Thursday, May 10, 2012

Adirondack Philosophy: A Cultural Forum

We understand who we are and we imagine who we want to become by telling stories through the interrelated mediums of art, prose, music and spirituality.  The shapes that these narratives take are influenced by the places where they, and we, are rooted.  Influence is a subtle and often implicit force.  It is the stuff beyond mere representation, or the explicit reference to particular geographies (this mountain or that stream).  Influence is ephemeral and as the poet Rilke wrote, it falls on me like moonlight on a window seat.

In September Adirondack-inspired visual artists, scholars and writers will push past mere representation in order to open up a discussion around how the Adirondack cultural, spiritual and/or physical landscape has influenced creative endeavors through time, their own and others.  The Adirondacks: A Place to Dream is a three-day series of lectures, panels, films and programs focused on the cultural heritage of the Adirondacks.  This project will bring historians, philosophers and artists together in a cross-disciplinary project designed to foster an ongoing dialogue about how a sense of place inspires creativity.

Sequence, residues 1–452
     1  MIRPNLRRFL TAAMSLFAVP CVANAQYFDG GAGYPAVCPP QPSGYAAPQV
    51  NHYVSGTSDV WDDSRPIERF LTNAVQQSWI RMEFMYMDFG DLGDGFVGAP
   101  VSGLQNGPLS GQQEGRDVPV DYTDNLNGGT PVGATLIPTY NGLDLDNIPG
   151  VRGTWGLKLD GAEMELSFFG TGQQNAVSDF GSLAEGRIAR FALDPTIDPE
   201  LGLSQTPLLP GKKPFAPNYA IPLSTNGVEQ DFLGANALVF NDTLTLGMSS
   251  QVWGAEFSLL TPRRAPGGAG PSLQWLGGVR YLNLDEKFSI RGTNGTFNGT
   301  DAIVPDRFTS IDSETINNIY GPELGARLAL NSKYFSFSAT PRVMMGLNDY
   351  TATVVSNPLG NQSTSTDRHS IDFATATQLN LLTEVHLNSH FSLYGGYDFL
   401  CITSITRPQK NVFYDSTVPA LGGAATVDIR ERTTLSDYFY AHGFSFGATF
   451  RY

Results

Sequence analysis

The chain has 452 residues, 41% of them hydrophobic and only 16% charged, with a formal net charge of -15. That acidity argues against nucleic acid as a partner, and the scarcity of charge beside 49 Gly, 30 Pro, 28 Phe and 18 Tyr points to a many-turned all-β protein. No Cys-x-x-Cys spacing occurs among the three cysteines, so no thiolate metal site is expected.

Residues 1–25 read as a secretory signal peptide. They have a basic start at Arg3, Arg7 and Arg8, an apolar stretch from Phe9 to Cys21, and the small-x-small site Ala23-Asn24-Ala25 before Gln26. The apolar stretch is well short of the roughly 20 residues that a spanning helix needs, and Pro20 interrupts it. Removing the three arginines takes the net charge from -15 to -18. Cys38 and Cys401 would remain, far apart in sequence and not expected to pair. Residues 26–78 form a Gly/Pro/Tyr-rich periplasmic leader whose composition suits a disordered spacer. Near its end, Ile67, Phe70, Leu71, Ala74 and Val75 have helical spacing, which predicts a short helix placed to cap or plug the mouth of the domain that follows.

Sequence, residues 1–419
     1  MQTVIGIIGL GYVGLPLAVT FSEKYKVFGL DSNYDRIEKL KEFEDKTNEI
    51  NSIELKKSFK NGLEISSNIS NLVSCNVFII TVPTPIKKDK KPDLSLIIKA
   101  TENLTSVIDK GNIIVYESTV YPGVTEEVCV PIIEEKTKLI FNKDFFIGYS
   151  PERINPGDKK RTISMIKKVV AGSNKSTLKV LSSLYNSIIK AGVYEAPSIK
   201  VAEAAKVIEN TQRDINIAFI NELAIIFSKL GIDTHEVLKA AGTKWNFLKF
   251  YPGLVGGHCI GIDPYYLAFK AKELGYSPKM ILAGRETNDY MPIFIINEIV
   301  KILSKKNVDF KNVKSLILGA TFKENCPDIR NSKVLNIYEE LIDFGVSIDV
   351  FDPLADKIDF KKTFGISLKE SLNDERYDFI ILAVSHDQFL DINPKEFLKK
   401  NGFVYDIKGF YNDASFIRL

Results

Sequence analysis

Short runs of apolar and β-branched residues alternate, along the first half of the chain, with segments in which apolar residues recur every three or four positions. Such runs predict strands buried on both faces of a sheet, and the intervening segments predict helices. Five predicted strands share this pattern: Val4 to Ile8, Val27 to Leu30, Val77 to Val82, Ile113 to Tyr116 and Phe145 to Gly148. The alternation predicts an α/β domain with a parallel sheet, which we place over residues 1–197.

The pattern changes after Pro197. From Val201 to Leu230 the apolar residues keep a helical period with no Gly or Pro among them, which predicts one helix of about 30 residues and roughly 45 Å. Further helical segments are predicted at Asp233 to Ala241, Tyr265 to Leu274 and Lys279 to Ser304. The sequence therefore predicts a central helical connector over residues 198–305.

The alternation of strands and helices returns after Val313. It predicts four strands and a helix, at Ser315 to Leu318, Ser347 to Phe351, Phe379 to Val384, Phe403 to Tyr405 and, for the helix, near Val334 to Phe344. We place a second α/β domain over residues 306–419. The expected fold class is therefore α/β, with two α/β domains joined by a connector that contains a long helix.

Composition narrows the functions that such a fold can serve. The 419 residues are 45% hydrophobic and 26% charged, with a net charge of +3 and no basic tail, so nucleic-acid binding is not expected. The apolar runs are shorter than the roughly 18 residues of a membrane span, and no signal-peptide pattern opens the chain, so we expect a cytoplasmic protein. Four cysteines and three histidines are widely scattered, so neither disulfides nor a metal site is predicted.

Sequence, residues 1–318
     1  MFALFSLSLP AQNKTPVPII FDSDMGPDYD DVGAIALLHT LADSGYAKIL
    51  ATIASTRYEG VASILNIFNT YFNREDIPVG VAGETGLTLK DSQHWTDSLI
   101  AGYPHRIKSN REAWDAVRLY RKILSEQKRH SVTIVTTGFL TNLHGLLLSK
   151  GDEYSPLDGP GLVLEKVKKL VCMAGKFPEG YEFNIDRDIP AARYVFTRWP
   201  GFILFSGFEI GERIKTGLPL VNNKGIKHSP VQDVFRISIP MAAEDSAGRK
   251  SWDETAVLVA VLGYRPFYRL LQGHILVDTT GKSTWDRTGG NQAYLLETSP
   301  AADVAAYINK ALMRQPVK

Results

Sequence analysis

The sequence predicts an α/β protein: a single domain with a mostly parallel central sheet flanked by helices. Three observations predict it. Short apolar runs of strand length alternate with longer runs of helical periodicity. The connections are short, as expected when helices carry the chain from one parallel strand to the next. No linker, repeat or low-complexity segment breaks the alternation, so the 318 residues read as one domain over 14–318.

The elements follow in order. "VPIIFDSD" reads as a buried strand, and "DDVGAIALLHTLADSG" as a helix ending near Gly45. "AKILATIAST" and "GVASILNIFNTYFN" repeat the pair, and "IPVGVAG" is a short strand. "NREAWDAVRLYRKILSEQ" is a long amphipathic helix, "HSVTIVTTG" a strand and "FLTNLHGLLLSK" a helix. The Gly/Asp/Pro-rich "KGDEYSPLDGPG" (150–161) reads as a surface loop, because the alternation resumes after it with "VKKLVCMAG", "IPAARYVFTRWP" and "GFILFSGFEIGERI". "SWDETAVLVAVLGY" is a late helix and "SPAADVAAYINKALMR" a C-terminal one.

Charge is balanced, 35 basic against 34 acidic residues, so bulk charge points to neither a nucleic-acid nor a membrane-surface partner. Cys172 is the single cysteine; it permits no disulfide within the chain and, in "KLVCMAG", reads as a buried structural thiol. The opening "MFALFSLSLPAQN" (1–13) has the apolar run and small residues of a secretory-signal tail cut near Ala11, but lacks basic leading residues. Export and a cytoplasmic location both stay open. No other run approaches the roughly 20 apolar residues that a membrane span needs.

Throughout this program participants and presenters, neighbors and wayfarers will have an opportunity to become involved in the question of influence.  Specifically we will consider how the Adirondacks, beautiful and sublime in turn, has inspired artists and writers through time.

Details and additional information will be forthcoming; all are welcome and encouraged to join the conversation.

Contributing authors and program co-chairs Robert E. Bullock, President NYS Archives Partnership Trust and Gary D. Smith, Northwoods Inn, Lake Placid

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Marianne Patinelli-Dubay

My work at the SUNY College of Environmental Science and Forestry lies along the philosophical intersections of nature, culture, science and ethics in the Adirondack Park, NY. I lead the Environmental Philosophy Program at ESF’s Newcomb Campus located on the 15,000-acre Huntington Wildlife Forest (HWF). Here I am responsible for the design and facilitation of rich conversations aimed at a variety of audiences, across disciplines. Initiatives in this program are intended to bridge humanities content with HWF-specific field knowledge and experience in order to understand the impacts of the relationship between scientific research and the regional land-use policy it advances. 

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